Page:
A Beautiful Mind (film)

A Beautiful Mind is a 2001 biographical drama film directed by Ron Howard. Based on the life of economist and mathematician John Forbes Nash Jr, the film was largely inspired by the bestselling unauthorized biography of the same name. This book, which won the National Book Critics Circle Award for a biography when it was published in 1998, was written by the journalist professor Sylvia Nasar, who her self has a Masters degree in economics and used to be an economic correspondent for the New York Times in the 1990s.

movieThe film, which used a screenplay by Akiva Goldsman, starred Russel Crowe as John Nash and Jennifer Connelly as his wife, the Salvadoran-American physicist Alicia Nash (née Lardé Lopez-Harrison). Unlike the book, the film skips Nash’s childhood and instead starts with his days as a graduate student at Princeton University.

Made on a $58 million budget, the film went to gross over $313 million worldwide and won four Academy Awards: Best Picture, Best Director, Best Adapted Screenplay and Best Supporting Actress. It was also nominated for Best Actor, Best Film Editing, Best Makeup, and Best Original Score.

The film was generally well received by critics but caught some flack for leaving out certain notable aspects of Nash’s life, such as the son he fathered prior to his marriage. The discussion of the Nash equilibrium has also been criticized as over-simplified.

During the five-day weekend of its limited United States release (21 December 2001), A Beautiful Mind opened at the #12 spot at the box office. Following its wider release on 4 January the following year, the movie peaked at the #2 spot.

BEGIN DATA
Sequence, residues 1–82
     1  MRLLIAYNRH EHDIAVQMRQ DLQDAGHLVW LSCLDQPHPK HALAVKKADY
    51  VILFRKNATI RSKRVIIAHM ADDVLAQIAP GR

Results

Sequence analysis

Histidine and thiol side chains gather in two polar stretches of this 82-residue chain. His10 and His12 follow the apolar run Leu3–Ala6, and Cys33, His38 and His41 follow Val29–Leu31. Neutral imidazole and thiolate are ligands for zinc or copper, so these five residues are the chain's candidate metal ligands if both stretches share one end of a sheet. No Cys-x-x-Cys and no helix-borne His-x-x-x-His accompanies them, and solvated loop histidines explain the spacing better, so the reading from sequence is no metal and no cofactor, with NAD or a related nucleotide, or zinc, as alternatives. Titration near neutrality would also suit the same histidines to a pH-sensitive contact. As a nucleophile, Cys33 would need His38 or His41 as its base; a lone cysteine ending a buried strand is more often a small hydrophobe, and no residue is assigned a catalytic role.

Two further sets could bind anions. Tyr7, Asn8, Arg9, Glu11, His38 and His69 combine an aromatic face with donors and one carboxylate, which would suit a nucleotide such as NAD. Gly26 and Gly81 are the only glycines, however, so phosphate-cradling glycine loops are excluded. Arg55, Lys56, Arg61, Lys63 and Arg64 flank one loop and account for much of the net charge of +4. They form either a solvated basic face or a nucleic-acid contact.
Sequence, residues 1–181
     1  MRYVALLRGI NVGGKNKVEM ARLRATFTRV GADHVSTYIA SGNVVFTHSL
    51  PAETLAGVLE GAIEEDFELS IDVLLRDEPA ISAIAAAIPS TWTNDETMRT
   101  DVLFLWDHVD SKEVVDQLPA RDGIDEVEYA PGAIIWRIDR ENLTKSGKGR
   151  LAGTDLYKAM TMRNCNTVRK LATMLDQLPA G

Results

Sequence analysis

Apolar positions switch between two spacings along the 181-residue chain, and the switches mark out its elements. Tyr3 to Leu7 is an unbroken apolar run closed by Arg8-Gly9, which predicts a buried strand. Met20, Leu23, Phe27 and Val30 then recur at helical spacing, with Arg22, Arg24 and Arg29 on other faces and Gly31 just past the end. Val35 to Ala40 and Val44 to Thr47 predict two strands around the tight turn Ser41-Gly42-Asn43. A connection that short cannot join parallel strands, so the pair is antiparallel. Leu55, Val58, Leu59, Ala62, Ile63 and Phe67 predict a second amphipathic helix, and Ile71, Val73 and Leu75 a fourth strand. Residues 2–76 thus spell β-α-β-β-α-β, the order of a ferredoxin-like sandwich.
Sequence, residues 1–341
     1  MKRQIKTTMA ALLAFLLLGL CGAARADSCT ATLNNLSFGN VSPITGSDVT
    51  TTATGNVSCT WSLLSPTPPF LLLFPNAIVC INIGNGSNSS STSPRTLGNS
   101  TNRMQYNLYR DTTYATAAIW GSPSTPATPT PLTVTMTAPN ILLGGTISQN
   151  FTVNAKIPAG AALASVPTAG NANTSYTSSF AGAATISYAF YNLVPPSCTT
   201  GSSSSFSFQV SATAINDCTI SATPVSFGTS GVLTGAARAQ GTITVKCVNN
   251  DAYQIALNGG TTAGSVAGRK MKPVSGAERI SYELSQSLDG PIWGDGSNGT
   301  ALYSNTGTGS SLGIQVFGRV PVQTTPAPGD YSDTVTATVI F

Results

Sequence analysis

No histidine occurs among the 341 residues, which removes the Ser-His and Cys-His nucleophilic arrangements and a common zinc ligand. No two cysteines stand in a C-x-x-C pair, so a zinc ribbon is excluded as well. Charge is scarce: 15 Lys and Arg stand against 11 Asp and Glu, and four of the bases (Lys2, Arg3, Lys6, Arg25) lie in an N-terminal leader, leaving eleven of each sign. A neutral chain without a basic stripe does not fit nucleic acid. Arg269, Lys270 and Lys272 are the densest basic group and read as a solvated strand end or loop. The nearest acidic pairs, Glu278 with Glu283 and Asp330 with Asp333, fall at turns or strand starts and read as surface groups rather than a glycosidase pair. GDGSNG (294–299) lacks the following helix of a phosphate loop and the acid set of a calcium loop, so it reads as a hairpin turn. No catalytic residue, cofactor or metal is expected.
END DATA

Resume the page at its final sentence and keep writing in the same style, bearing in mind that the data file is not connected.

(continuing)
Short facts about the movie A Beautiful Mind

Director Ron Howard
Produced by Brian Grazer

Ron Howard

Screenplay by Akiva Goldsman
Based on The biography A Beautiful Mind by Sylvia Nasar
Cast Russell Crowe as John Nash

Jennifer Connelly as Alicia Nash

Ed Harris as William Parcher

Paul Bettany as Charles Herman

Josh Lucas as Martin Hansen

Adam Goldberg as Richard Sol

Anthony Rapp as Bender

Vivien Cardone as Marcee

Christopher Plummer as Dr. Rosen

Judd Hirsch as Helinger

Jason Gray-Stanford as Ainsley Neilson

Running time 135 minutes
Country United States
Language English
Music by James Horner
Cinematography Roger Deakins
Edited by Daniel P. Hanley

Mike Hill

Production company Imagine Entertainment
Distributed by Universal Pictures (in North America)

DreamWorks Pictures (Internationally)

Release date Premier in Beverly Hills, California, USA on 13 December 2001

Limited release in United States cinemas on 21 December 2001

Wider release in United States cinemas on 4 January 2002

Budget $58 million
Box office $313,542,341 worldwide, of which $170,742,341 pertained to the United States and Canada.
Home media Released on VHS and DVD in the United States on 25 June 2002.

Released on Blu-ray in North America on 25 January 2011.


Coming to Princeton

The film starts with a young John Nash (played by Russell Crowe) arriving to Princeton University in 1947. Together with Martin Hansen (Josh Lucas), he has been awarded the prestigious Carnegie Scholarship for mathematics. At a reception, he meets a group of other talented graduate students: Richard Sol (Adam Goldberg), Bender (Anthony Rapp) and Ainsley Neilson (Jason Gray-Stanford). We are also introduced to his roommate, the literature student Charles Herman (Paul Bettany).

A new concept of governing dynamics

At Princeton, Nash is under strong pressure to publish, but he doesn’t want to publish anything that isn’t his own original idea.